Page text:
Adults 65 and over are the age demographic most likely to die or become severely ill from COVID-19—which prompts the ethical question: Should advanced age be a factor in deciding who receives lifesaving medical resources during dire shortages?
A new analysis examines ethical arguments for applying age-based criteria when clinicians must set priorities for lifesaving resources, such as ventilators, as occurred with early COVID-19 patient surges.
The paper, newly published in the journal Bioethics, concludes that age and age-related criteria should not be used to avoid mutual sacrifice during public health emergencies.
“I don’t think life years remaining is ethically defensible. Some children at cancer hospitals are very sick and their life expectancies are short, but I would never say that their lives are worth less. Each person has intrinsic value regardless of age and ability,” said author Nancy Jecker, a professor of bioethics at the University of Washington School of Medicine and a Fulbright U.S. Scholar for South Africa.
In multiple analyses spanning the last two years, Jecker has examined ethical dimensions of the COVID-19 pandemic. In this paper, she explores the bases for clinical decisions about allocating lifesaving care.
When there are too few medical resources to treat all the patients who require care, standard triage protocols are invoked to prioritize those who can survive with an intervention but who otherwise will die. In 2020, amid the worst COVID-19 surges, standard triage criteria were inadequate because too many people qualified, Jecker wrote, and further criteria were needed. In response, state hospital associations and professional groups quickly produced guidance, leading to debates over age-based and other criteria.
People 65 and older are significantly more vulnerable to death and serious illness from COVID-19. As well, chronic diseases and comorbidities mean older adults are more likely, at a population level, to die and suffer grave illness.
With this backdrop, Jecker’s paper considered whether, if multiple patients have the same disease prognosis, individuals should have less access to a scarce medical resource based on older chronological age, later life stage, shorter life expectancy, or less chance of near-term survival.
Jecker also investigated criteria that are “age-blind” but which disproportionately impact older adults, such as saving the most lives, life-years, and life-years adjusted for health-related quality.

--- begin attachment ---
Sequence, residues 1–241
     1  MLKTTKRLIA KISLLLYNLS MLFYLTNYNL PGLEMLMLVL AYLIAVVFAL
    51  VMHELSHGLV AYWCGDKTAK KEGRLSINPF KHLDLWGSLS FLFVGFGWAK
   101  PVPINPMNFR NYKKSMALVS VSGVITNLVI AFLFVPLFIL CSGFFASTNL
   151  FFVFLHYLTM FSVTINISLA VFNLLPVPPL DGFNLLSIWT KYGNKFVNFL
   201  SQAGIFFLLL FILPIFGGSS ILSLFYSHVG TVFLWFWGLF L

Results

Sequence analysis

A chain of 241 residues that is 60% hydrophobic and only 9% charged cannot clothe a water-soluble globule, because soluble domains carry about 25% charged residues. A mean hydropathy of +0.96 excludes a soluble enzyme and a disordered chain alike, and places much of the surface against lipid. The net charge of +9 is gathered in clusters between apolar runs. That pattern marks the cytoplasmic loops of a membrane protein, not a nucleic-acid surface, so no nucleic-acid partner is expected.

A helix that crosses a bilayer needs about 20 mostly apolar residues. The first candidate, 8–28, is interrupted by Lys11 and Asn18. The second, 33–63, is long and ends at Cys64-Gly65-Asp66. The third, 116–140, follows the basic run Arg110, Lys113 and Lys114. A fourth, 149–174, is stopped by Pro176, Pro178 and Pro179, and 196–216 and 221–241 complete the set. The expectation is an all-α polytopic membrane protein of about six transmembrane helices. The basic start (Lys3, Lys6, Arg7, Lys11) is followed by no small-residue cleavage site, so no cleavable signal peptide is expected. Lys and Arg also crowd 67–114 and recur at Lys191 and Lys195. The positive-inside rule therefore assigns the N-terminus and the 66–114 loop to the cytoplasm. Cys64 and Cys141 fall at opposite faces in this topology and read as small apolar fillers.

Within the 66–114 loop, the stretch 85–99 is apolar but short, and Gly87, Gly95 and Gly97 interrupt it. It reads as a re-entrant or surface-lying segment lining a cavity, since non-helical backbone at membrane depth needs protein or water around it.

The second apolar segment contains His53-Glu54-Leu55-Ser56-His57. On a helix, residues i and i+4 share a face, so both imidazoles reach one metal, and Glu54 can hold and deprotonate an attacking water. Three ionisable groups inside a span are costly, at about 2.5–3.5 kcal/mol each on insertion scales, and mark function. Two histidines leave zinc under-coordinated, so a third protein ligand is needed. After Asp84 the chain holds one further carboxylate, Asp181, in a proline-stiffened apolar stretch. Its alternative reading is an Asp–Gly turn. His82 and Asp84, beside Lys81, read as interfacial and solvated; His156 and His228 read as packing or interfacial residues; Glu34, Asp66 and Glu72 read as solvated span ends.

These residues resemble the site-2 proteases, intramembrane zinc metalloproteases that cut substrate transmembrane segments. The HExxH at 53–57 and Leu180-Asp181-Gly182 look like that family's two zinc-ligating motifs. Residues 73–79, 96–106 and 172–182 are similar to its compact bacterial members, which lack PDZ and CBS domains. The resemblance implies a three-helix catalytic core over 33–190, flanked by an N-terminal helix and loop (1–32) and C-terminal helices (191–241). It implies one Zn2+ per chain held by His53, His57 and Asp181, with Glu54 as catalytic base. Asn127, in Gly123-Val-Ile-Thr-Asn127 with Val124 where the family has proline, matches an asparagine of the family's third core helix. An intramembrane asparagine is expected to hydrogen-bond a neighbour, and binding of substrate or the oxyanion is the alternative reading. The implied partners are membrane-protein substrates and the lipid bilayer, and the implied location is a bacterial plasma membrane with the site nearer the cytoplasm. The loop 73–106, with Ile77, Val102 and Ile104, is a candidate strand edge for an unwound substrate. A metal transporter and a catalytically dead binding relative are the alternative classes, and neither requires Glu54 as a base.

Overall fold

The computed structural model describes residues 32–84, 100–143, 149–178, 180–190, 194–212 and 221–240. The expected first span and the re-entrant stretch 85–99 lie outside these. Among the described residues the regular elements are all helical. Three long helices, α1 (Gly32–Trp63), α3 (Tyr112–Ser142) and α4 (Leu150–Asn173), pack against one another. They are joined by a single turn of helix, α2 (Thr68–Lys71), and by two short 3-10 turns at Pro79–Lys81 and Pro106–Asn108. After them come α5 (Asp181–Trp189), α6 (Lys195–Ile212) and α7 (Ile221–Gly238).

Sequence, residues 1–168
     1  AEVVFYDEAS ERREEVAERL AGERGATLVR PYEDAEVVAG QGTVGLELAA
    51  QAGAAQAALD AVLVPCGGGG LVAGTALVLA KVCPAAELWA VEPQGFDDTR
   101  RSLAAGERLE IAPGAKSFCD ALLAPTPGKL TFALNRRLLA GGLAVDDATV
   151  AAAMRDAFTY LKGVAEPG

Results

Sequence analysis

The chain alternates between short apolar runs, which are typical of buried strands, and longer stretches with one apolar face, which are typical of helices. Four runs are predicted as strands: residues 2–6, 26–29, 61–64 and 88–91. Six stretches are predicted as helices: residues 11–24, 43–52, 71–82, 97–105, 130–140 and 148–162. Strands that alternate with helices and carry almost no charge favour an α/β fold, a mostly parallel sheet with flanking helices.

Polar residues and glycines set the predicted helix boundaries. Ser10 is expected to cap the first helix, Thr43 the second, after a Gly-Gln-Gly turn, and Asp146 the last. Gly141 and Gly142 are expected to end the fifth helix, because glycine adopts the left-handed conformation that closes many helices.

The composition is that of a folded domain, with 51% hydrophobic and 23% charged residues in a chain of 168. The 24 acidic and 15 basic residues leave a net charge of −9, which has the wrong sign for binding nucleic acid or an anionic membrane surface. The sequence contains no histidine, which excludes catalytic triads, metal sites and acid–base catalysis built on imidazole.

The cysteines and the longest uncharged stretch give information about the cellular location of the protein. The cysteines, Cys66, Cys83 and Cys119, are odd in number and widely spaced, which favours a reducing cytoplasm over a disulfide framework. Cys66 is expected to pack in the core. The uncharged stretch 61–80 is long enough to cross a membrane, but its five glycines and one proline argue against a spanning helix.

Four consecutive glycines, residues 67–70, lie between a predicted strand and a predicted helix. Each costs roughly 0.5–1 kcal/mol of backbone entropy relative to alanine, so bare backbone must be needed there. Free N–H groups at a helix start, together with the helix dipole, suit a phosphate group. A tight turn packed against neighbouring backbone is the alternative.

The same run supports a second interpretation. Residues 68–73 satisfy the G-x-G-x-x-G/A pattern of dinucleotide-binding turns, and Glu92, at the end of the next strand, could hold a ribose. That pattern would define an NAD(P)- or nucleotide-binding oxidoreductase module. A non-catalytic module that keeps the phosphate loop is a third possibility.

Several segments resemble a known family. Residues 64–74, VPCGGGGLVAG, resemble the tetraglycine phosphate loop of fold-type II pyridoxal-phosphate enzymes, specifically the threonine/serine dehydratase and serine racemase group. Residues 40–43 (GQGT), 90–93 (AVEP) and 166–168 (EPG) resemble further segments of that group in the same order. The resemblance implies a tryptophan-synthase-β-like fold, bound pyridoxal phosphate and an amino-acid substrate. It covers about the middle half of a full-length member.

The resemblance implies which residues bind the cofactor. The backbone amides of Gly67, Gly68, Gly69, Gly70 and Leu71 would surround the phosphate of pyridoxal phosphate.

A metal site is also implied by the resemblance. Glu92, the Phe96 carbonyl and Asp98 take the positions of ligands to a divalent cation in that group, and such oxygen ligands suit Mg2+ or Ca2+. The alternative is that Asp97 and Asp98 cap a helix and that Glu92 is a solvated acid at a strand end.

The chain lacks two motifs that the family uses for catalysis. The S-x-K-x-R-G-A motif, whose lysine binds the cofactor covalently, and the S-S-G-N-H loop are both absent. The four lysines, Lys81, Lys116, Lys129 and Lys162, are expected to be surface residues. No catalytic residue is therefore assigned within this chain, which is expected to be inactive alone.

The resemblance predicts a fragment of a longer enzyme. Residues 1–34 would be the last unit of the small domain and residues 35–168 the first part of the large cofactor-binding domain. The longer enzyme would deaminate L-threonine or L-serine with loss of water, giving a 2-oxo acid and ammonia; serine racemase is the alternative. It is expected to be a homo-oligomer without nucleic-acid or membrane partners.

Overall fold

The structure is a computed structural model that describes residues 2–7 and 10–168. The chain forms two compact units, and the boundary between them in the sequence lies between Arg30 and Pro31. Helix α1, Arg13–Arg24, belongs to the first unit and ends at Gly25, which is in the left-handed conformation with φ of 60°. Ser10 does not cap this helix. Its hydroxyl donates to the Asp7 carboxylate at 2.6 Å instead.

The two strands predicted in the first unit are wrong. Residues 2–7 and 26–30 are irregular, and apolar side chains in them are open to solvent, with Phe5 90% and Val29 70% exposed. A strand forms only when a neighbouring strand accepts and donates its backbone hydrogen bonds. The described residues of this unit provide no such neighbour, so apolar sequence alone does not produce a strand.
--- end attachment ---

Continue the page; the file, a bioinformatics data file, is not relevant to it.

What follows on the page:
“At a population level, age is a predictor for COVID-19 mortality, but so are chronic health conditions,” Jecker said. “Men have been more likely to die of COVID, and minorities and pregnant women have been more likely to have bad outcomes with COVID. But what do we do with that information? It doesn’t follow that, just because your population-level group has relatively worse outcomes, we should deprioritize your care when resources are scarce.”
Jecker rejected the argument that older people have had “fair innings,” a widely used rationale for favoring younger over older people.
“Whether an individual has had a fair innings depends not just on the numbers of years they have, but what those years have been like. If someone has been disadvantaged throughout their life, deprioritizing their care only perpetuates a pattern of injustice experienced throughout life,” she said.
Jecker proposed that a “pandemic triage” protocol consider more patient-specific values. A Clinical Frailty Scale, for instance, is a better predictor of near-term survival than a person’s chronological age and can be a feature of individuals at any age, she said.
“I think near-term survival matters. To the extent that comorbidities make it less likely that someone will survive near-term, that could be ethically included in a scoring system.”
Source: Read Full Article